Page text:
Sir Richard Burton's Tomb
Perhaps the most extraordinary monument in the parish of Mortlake is the tomb of the explorer Sir Richard Burton. It stands in the churchyard of St Mary Magdalen's church in North Worple Way.
Burton was born in 1821. His most celebrated explorations were a journey to Mecca in disguise, at a time when non-Muslims were forbidden access, and his journey with John Speke to the Great Lakes of Africa in search of the Nile's source. He was also an author and linguist who translated a number of works from Arabic into English including The Arabian Nights. In 1861 he married Isobel Arundell, who was a Catholic.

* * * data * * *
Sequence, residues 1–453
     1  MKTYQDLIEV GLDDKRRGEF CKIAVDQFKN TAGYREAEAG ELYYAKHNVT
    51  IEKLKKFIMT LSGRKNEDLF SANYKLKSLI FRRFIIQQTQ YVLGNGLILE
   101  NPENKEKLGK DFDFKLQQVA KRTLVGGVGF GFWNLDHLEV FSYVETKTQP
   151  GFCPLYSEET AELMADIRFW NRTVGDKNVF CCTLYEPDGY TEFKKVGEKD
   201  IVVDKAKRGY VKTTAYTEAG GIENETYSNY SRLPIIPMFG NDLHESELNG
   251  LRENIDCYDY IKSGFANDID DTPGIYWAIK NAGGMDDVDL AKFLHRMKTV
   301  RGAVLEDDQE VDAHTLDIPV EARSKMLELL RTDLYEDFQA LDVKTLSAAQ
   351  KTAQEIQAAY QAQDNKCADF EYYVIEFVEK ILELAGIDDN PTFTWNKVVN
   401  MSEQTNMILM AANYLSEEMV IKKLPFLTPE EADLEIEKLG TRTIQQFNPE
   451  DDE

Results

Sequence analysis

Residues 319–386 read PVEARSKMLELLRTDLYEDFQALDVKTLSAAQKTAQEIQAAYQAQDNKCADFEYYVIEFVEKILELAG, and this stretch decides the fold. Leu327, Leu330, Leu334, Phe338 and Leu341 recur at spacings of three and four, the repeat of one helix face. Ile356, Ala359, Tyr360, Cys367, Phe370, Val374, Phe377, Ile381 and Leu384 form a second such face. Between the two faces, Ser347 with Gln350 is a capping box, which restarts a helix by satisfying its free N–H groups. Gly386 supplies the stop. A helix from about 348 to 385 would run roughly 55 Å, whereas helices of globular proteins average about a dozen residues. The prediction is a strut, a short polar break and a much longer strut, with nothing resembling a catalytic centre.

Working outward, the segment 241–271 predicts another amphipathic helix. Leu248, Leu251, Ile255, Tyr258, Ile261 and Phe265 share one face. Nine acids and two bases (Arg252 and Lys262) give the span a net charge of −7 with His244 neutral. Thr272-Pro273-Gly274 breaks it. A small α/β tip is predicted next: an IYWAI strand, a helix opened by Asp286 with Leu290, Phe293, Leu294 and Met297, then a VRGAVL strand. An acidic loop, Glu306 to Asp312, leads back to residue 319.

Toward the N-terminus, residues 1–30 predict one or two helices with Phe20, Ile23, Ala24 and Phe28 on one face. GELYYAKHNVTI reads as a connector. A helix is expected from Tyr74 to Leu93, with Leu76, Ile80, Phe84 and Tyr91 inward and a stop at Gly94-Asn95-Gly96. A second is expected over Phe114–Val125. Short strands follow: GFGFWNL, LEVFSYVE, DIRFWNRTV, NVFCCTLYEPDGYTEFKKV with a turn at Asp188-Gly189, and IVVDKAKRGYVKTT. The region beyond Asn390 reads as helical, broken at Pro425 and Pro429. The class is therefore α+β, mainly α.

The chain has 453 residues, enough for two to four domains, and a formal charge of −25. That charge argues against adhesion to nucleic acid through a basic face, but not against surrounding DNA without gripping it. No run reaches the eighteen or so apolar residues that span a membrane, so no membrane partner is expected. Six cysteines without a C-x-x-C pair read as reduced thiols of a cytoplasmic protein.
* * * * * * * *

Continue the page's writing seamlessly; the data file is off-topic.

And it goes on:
Sir Richard died in 1890 in Trieste; Isobel had persuaded a priest to perform the last rites, although Burton was not a Catholic. Lady Isobel, who lived in North Worple Way after Burton's death, designed the mausoleum. It is a stone replica of a Bedouin tent some 12 feet square by 18 feet high, decorated with a frieze of Islamic crescents and stars. The coffins of Sir Richard and Lady Isobel Burton lie in the mausoleum. There is a ladder at the rear of the tomb leading to a window which allows visitors to view the tomb's interior.